For some studio owners, giving happens all year round. While it may seem intimidating to think about sending money to others while trying to cover your own overhead, community or donation-based classes are a simple and effective way to pay it forward. Consider these tips from Byron de Marsé, a yoga teacher at Power Yoga East in Santa Monica and Nick Velkov, owner of Yoga Agora in New York City, who get creative while giving back.

How do donation-based classes work?

For donation-based classes, the teacher pays to rent a space and those who show up to take a class will give however much they want or are able to afford at the time. The instructor usually promotes a specific cause or charity and donates any proceeds. In the end, the amount people give is subtracted from rental space costs. While it’s common just to break even with these classes, it helps to keep in mind those individuals who aren’t usually able to afford self-care practices like fitness.

There are no rules when it comes to how often to offer donation-based classes — it’s all about finding a rhythm that works for your studio.

“I offer low-cost drop-in classes, and two donation-based classes every day. There’s no pressure to commit to a long-term package.” says Velkov. “This model creates a happy environment at the studio.”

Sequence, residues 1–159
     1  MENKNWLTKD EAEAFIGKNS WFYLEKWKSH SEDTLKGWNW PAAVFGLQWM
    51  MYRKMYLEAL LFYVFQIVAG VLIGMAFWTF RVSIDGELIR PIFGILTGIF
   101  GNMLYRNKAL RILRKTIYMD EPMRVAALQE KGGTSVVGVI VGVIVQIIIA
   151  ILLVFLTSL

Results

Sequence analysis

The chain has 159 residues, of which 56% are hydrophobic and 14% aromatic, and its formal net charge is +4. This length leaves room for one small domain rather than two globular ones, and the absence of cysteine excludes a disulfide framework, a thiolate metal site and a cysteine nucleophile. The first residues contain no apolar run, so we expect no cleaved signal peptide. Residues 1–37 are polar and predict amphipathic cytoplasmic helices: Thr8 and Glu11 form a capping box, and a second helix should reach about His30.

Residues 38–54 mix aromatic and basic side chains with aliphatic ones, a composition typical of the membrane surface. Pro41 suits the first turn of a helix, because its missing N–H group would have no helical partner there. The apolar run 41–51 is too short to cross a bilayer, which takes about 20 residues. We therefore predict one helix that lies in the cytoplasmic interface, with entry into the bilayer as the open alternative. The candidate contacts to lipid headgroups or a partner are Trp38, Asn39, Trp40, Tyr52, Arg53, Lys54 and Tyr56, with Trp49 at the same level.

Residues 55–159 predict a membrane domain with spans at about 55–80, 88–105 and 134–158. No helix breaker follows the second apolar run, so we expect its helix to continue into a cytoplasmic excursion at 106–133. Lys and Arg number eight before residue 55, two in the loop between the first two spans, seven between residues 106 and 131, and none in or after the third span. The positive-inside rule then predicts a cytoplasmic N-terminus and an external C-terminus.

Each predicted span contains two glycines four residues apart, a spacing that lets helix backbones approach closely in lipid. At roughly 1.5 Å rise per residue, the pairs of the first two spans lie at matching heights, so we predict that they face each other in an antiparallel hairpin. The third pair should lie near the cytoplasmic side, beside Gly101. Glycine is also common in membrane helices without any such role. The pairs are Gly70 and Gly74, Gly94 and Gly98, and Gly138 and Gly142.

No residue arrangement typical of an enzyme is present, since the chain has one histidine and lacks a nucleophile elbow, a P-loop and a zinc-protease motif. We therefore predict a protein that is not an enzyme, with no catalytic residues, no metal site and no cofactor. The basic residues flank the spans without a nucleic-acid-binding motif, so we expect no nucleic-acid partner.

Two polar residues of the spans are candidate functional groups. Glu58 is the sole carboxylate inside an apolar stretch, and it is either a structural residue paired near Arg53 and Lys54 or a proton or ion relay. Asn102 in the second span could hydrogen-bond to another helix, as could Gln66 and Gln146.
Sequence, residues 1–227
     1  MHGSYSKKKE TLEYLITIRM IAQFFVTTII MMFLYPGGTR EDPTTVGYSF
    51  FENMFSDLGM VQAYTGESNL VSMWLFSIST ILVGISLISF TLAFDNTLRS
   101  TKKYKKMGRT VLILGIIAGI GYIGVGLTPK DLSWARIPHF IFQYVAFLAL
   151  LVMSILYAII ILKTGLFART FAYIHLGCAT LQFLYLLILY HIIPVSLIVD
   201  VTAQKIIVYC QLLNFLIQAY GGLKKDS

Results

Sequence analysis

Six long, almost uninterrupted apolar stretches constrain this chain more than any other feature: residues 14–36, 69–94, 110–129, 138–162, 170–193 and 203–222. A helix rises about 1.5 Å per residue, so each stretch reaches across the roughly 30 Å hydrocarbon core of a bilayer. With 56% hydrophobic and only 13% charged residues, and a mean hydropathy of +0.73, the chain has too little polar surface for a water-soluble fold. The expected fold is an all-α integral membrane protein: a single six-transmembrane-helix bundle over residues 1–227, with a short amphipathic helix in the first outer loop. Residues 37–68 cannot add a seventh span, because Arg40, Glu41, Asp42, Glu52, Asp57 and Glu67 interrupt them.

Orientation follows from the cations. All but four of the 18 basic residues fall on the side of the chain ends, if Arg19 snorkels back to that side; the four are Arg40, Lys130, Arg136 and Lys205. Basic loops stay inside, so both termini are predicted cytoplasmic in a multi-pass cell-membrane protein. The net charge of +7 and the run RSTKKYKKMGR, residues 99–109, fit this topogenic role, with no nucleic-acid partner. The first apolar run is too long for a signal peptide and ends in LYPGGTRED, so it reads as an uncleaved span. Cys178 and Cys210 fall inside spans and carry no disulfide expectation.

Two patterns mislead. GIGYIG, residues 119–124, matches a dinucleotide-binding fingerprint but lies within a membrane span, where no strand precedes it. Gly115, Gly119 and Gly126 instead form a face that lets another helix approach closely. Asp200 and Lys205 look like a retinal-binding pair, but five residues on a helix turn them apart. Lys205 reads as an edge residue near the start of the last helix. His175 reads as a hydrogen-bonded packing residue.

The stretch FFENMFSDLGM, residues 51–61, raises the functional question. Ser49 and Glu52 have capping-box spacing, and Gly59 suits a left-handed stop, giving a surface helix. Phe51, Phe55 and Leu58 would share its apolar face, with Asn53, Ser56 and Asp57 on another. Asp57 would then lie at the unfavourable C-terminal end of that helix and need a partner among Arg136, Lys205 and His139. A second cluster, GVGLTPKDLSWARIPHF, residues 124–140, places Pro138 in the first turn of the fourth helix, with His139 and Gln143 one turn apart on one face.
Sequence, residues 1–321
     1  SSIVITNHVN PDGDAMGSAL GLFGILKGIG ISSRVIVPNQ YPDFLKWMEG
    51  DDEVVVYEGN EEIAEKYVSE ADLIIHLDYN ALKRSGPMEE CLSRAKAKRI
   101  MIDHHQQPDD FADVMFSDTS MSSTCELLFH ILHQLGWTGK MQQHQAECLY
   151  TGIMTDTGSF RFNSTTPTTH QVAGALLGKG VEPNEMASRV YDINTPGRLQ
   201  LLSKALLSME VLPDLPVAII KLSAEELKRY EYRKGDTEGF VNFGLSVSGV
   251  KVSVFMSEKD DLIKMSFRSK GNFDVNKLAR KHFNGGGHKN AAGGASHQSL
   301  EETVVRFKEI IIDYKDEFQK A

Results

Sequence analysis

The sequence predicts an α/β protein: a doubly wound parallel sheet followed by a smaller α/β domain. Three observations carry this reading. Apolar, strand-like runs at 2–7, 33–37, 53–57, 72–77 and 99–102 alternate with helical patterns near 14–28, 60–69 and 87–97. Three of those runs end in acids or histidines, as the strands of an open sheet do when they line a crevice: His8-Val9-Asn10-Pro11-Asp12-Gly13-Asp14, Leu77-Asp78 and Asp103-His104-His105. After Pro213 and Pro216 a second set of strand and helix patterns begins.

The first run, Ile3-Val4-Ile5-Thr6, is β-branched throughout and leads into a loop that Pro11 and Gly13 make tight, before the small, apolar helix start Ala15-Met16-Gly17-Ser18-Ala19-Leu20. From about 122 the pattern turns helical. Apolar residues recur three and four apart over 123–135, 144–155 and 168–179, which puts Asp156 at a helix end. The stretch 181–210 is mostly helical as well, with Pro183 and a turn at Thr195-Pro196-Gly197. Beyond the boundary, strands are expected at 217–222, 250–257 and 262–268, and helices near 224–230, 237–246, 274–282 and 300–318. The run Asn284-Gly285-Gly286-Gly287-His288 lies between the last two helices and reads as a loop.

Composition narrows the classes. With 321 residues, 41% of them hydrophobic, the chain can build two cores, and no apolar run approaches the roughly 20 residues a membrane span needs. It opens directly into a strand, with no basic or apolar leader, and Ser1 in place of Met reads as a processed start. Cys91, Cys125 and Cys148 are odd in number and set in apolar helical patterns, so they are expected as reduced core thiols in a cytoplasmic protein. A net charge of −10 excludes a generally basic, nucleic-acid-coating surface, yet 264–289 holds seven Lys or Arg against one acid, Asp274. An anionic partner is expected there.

Charitable classes offer variety

Whether the studio is membership-based or big on class packs and drop-ins, you can still provide karmic options; there’s no one size fits all when it comes to giving back. “I’ve seen studios have occasional donation-based classes — once a week or once a day — to get new people in the doors,” says de Marsé.

If people aren’t sure whether they like certain classes or want to try something new, this is a way to sample what they could potentially sign up for without the financial commitment. “The best way for studio owners to give back is to create an environment where every employee and every client is eager to return,” says Velkov.

Why is donation-based important?

Most studios owners want to get as many people as possible fit and healthy. By lowering the cost to entry and making classes approachable for more types of students (with varying budgets), you’ll invite a more diverse audience. In addition to saving your students’ bank accounts, Velkov explains that an exercise class might be the only time of the day when someone can detach from social media, screen time or the stress of everyday life. “Fitness engages in real human-to-human contact, and we as studio owners can provide wide-open access to our classes.”